A surprising reversal
The Federal Reserve’s Federal Open Market Committee meets a minimum of eight times per year to make decisions on monetary policy and provide guidance on the evolution outlook for the economy. In the previous April meeting, the FOMC had struck an uncertain tone about the rebound of economic prospects and whether they would lead to a sustained increase in inflation. In last week’s press conference, we appear to have witnessed the Fed acknowledge higher inflation, because policymakers now expect to raise rates in 2023, which is sooner than anticipated.
Although it has been retracing somewhat in today's trading session, the initial market reaction was dramatic. Commodity and equity prices have fallen in anticipation of the tighter funding environment, sending the Dollar rallying to March 21 highs.
The Euro—which had been a primary beneficiary of Dollar weakness over the past quarter—experienced a resulting sell-off. More generally, this shift in rate expectations has caused a reversal of risk appetite, not just in the EU. Whether it remains will be dependent on a continuation of the inflation surge narrative.
Bottom line: The question that both markets and policymakers face is whether inflationary pressures will manifest in other geographies as well or whether vaccination efforts remain a barrier to recovery. If demand did spike elsewhere, there would be a solid basis to foresee an even stronger bias for rate hikes from the Fed. The international connectivity of markets implies that the more places experience demand surges, the greater the effect for everyone. National compartmentalisation under Covid has in some ways reduced this effect by reducing the movement of labour, but a lifting of lockdown measures means this transmission of demand is likely to come back into focus.
The week ahead
Cable suffered its most significant weekly fall since September 2020 last week as Dollar strength weighed heavily on the pair. The focus will be on the Bank of England this week after UK year-on-year inflation for May came in at 2.1%, the highest level for almost two years. This could pose the question of whether the central bank will consider an early hike in interest rates, much like the Federal Reserve. UK Coronavirus restrictions look set to remain in force until the 19th of July, despite some vaccine experts hinting that high levels of vaccinations in the country could lead to an early relaxation of restrictions on July 5th.
- Rightmove HPI m/m fell to 0.8% this month compared with 1.8% in May.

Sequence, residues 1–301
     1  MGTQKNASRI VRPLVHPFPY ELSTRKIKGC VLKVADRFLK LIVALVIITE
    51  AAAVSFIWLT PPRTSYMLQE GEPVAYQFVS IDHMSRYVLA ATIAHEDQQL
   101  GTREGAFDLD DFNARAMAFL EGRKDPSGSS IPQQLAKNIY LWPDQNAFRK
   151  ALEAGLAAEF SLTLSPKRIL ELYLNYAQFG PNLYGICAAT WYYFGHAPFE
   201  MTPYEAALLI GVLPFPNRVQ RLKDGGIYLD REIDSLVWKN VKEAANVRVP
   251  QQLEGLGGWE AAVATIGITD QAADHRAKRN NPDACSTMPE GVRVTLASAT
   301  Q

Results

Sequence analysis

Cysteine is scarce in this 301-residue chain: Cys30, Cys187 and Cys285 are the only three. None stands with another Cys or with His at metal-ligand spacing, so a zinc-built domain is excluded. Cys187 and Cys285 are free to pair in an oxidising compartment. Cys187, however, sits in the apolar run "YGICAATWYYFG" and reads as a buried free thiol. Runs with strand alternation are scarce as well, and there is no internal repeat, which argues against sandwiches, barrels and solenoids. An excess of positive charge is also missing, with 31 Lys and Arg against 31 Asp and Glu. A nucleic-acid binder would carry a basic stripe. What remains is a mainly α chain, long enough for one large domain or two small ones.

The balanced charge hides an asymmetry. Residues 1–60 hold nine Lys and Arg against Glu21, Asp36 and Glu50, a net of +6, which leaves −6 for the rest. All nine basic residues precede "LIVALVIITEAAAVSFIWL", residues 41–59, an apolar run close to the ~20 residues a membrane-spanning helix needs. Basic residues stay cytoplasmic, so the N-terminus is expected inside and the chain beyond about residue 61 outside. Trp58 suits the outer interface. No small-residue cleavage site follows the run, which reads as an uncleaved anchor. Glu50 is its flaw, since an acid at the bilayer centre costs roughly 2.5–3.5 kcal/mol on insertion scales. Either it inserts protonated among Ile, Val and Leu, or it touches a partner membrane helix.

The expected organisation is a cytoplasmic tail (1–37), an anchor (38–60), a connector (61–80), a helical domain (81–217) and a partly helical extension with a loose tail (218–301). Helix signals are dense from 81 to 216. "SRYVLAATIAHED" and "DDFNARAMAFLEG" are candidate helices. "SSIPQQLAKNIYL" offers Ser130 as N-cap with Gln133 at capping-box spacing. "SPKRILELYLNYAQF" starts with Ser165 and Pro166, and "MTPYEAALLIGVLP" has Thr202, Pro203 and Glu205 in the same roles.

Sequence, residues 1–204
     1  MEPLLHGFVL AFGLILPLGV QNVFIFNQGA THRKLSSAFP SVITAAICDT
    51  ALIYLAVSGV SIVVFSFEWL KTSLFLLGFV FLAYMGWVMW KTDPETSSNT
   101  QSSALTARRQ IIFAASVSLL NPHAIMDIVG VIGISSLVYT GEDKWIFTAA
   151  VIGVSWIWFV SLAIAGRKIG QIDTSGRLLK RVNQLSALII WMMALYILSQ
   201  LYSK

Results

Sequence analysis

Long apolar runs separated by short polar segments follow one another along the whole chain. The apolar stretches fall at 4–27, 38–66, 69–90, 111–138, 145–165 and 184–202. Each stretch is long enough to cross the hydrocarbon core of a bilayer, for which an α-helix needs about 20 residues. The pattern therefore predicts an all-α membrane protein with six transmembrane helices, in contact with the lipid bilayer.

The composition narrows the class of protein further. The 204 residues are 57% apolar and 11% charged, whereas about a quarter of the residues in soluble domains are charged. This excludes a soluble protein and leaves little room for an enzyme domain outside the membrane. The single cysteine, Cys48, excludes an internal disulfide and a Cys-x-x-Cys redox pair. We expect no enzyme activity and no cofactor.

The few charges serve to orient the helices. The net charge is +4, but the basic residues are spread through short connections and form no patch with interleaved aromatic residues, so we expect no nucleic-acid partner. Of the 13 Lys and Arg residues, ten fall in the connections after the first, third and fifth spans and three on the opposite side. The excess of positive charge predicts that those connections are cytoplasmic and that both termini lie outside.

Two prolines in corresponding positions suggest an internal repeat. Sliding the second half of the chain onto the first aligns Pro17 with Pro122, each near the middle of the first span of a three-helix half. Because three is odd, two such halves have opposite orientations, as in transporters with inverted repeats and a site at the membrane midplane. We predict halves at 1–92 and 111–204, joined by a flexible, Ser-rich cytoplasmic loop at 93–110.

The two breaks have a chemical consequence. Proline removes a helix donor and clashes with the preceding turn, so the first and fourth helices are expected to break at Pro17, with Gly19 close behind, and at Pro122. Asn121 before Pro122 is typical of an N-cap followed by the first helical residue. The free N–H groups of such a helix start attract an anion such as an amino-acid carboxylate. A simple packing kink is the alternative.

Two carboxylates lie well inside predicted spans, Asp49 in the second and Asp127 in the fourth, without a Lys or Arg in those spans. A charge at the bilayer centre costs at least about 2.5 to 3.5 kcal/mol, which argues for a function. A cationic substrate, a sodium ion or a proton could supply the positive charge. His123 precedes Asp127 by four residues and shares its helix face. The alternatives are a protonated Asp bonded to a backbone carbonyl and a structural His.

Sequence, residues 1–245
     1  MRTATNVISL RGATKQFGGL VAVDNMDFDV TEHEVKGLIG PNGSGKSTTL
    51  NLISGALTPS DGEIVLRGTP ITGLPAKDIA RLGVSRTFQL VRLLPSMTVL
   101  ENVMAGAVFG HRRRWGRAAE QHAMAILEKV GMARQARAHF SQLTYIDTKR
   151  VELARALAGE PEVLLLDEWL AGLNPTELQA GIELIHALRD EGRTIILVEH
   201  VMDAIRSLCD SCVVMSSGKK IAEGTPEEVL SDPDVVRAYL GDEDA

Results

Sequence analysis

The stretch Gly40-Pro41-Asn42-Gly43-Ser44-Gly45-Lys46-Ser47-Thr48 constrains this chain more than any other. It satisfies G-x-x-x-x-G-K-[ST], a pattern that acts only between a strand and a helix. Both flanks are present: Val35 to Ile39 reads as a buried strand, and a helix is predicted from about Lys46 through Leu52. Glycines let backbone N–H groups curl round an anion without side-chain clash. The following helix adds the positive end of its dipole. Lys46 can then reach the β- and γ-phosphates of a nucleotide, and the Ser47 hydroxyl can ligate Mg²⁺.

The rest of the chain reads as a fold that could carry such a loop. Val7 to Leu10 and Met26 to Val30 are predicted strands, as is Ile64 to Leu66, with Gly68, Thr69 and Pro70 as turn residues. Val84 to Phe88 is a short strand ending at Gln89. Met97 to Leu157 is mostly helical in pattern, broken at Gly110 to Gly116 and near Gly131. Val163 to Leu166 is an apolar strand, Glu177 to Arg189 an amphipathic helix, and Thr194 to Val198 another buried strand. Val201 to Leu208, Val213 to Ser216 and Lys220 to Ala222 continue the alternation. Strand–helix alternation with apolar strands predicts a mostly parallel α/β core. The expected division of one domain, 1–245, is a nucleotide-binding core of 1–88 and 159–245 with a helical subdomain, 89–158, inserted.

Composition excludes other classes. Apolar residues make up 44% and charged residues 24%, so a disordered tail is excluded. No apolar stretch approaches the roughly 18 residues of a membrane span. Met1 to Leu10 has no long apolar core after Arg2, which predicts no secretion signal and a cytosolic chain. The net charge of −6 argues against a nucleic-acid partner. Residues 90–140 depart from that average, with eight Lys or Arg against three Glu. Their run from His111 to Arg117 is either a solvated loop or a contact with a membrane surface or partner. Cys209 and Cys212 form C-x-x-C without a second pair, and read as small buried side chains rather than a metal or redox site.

- Flash Manufacturing and Services PMI’s are due out on Wednesday, with Manufacturing expected to read 64.1 vs 65.6 last month, and Services to remain unchanged at 62.9.
- The Bank of England’s Monetary Policy Committee will meet this Thursday and provide an interest rate decision and any asset purchase facility changes.
- The Gfk Consumer Confidence index will be released on Friday, forecast to show a -7 reading vs -9 last month, indicating an uptick in confidence.
EUR/USD has faced similar selling pressure to Cable over the last week, with the pair trading below $1.19 in early trading. The European Central Bank is currently more dovish than the hawkish Fed, with markets anticipating the US will be around two interest rate hikes ahead of the EU by 2023. ECB President Christine Lagarde will be speaking throughout the week, which will be the closest we'll get for any formal indication of interest rates. There is a busy week for data with PMI’s out mid-way through the week, along with sentiment stats that could push the inflation narrative and the need for tighter monetary policy.
- The European Central Bank President Christine Lagarde will be speaking today and on Wednesday at 5:00PM.
- German flash Manufacturing PMI is forecast to read 63.0 vs 64.4 last month, while Services look set to climb to 55.4 vs 52.8 last month.
- French flash Manufacturing PMI is expected to be little changed at 59.0 vs 59.4 last month. Services appear to be on the rise to 59.6 vs 56.6 last month.
- The German ifo Business Climate is anticipated to rise to 100.5 vs 99.2 last month as positive sentiment continues to build.
Last week, the Greenback had its best weekly performance in over a year after the Federal Reserve announced two possible interest rate hikes between now and the end of 2023. Short term government bond yields managed to perform well on the back of this announcement, with the two-year yield rising to its highest level for around 15 months, currently trading at 0.26%. Longer-term yields have since seen a fall with the expectation of these interest rate increases. Elsewhere, the Nasdaq has climbed 4.15% this month and continued to diverge from the S&P 500 and Dow Jones last week, with both major indexes suffering further losses.
- The Federal Reserve Chairman Jerome Powell is due to testify on the Fed’s emergency lending programmes and current Coronavirus pandemic policies on Tuesday.
- Flash Manufacturing PMI is forecast at 61.5 vs 62.1 last month, while the flash Services PMI is anticipated to read 70.0 vs 70.4 last month.
- Final GDP q/q looks set to remain unchanged at 6.4% for Q1 2021.
- The Core PCE Price Index m/m is projected to read 0.6% in May vs 0.7% in April.
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